In the window that opens you’re going to need to fill in something for the Name and email address. If you’re just sharing this with another person and not using it for email or publishing your key online, you could fill this with literally anything and it wouldn’t matter. As in you could use “Whoever” for name and “[email protected]” for email. It doesn’t need to be valid info for private use. You can check the Non Pass Phrase if you don’t want to encrypt the key using a password. Adding a password will make it so even if someone gets a hold of your private key, they wouldn’t be able to use it without the password, this comes at the cost of needing to enter the password every time you use the key. Otherwise you will be prompted to enter a new password after filling in name and email and clicking OK.

After it makes a new keypair and you see it on the list. You can close the key management window. In the main window on the right side you should now right on your key and select “Append to text editor”. Its going to put your public key block into the text editor on the left. You can now copy and paste that to send to someone through any messaging program or save it in a text file to send.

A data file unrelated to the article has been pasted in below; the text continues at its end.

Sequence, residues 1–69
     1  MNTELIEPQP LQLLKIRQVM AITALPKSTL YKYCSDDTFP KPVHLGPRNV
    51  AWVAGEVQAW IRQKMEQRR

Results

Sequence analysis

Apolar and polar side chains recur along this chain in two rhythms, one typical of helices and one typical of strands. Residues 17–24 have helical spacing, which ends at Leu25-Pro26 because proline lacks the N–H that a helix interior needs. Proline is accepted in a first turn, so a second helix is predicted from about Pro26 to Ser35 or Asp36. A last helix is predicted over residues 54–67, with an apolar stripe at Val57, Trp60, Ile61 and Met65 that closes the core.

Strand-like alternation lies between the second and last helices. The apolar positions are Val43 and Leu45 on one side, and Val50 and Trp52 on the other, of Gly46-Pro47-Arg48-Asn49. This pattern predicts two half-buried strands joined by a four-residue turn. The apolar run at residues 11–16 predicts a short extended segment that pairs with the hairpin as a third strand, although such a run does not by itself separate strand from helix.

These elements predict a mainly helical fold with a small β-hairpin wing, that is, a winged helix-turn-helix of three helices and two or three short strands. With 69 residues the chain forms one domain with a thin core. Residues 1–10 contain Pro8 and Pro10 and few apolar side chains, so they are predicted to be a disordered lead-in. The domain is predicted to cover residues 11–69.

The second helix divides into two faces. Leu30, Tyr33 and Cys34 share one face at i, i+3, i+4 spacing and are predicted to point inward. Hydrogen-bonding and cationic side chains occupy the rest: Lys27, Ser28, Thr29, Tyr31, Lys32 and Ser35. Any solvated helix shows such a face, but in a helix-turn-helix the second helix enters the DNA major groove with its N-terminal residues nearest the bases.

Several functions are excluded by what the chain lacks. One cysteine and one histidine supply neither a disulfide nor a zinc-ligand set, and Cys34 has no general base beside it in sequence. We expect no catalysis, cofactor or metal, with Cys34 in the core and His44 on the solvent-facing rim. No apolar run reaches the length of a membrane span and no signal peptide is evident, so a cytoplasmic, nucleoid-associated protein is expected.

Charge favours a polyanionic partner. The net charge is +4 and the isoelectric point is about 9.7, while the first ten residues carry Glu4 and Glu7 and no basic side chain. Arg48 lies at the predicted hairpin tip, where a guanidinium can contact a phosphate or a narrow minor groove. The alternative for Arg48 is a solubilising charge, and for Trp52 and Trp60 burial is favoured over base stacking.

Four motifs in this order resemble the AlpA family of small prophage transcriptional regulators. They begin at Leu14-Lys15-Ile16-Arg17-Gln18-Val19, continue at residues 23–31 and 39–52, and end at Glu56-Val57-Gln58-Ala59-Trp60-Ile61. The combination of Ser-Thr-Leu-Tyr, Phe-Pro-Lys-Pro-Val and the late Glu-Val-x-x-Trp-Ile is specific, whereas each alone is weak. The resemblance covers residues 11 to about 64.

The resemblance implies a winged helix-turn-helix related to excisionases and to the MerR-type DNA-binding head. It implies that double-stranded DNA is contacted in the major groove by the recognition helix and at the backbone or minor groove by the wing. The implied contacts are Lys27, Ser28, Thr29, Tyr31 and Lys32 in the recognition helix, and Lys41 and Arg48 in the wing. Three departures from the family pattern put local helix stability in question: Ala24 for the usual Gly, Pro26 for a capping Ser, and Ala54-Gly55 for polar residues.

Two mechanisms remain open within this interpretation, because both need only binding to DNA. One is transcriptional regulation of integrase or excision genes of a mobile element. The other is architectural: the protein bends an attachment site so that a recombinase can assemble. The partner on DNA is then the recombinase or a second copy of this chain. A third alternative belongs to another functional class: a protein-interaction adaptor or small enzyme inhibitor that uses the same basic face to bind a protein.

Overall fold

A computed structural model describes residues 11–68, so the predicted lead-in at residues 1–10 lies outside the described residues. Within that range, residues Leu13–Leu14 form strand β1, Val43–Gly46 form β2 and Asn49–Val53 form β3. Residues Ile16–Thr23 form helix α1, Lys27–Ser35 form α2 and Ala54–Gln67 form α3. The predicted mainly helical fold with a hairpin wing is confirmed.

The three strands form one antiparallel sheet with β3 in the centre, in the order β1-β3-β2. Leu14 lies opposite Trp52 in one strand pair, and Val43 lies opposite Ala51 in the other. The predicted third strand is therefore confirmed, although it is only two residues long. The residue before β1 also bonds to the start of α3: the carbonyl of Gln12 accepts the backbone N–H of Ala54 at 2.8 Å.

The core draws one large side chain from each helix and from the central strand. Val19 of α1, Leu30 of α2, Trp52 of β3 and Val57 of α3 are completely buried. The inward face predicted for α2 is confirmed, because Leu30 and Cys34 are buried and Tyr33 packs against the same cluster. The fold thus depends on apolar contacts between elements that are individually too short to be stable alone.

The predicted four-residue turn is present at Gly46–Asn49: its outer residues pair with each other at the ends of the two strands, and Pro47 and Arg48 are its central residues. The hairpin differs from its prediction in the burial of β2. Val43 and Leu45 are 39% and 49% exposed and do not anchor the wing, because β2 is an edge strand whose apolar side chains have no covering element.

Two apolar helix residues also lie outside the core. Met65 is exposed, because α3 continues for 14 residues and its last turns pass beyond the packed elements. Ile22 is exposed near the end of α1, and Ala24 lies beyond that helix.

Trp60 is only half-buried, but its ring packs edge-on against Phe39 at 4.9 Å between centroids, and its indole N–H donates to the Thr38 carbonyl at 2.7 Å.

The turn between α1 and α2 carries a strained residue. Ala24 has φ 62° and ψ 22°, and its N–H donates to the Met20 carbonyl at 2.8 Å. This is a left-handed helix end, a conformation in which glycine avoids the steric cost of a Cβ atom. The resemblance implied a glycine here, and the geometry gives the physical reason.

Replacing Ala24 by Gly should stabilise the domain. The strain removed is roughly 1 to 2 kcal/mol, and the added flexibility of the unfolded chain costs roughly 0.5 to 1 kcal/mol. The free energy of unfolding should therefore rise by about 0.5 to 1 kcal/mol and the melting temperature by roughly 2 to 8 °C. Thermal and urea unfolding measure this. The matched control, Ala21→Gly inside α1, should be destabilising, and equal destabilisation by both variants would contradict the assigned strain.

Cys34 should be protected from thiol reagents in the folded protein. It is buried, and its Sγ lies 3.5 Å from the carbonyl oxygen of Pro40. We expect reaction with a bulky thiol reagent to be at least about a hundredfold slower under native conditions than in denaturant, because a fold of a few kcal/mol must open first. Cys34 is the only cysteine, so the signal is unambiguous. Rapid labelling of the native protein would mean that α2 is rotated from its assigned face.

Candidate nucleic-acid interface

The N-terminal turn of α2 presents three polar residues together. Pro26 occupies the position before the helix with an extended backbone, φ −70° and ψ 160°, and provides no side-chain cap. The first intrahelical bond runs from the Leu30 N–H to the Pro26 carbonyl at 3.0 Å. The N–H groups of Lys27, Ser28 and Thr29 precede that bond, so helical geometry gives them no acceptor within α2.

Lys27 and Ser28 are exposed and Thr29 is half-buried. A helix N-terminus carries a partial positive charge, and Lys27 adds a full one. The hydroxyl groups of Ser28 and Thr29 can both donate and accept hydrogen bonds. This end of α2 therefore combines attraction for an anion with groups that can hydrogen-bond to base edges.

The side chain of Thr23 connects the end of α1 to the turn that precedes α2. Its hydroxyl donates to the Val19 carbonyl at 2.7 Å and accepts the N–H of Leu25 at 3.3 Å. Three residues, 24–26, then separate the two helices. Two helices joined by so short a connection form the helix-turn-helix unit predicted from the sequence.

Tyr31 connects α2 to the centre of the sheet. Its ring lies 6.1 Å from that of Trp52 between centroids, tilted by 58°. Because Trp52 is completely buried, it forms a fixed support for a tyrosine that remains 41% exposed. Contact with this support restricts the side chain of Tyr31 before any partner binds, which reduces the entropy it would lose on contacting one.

When you want to add someone else’s public key you can copy it from a message or use a .txt or .asc file. Then you can click Import Key at the top and then click either Clipboard if you copied their block from a message or click File if you downloaded it in a file.

Now that you have your keypair setup, you’ve given someone else your public key and you’ve imported the other person’s public key, you’re actually ready to start encrypting and decrypting messages and files.